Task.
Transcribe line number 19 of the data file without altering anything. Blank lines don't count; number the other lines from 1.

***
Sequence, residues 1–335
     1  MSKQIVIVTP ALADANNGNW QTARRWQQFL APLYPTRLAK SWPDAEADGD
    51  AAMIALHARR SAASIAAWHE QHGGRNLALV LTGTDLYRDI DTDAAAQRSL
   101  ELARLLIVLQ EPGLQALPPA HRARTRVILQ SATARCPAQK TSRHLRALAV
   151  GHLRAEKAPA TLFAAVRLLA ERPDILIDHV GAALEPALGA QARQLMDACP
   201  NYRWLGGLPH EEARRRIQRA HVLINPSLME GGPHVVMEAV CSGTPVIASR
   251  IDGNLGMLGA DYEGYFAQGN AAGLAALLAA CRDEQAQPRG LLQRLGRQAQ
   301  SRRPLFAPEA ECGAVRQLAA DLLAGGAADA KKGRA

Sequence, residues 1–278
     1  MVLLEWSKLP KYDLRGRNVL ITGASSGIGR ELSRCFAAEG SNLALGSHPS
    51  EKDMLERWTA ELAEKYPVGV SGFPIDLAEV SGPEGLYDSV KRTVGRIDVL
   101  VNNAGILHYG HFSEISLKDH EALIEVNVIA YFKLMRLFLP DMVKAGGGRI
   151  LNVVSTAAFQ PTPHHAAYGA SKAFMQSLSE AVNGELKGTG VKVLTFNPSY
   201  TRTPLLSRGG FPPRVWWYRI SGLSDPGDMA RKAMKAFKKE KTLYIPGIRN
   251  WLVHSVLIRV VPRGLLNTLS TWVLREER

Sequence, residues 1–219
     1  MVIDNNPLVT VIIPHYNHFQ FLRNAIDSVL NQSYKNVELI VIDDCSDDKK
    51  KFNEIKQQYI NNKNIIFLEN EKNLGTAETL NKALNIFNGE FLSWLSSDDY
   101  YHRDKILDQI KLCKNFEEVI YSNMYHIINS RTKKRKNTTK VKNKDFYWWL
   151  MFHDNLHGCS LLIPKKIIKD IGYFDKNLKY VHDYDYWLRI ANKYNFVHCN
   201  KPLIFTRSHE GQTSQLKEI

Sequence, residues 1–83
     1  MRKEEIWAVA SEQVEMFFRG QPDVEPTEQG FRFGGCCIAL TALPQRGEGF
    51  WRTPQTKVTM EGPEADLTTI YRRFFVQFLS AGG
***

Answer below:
   101  YHRDKILDQI KLCKNFEEVI YSNMYHIINS RTKKRKNTTK VKNKDFYWWL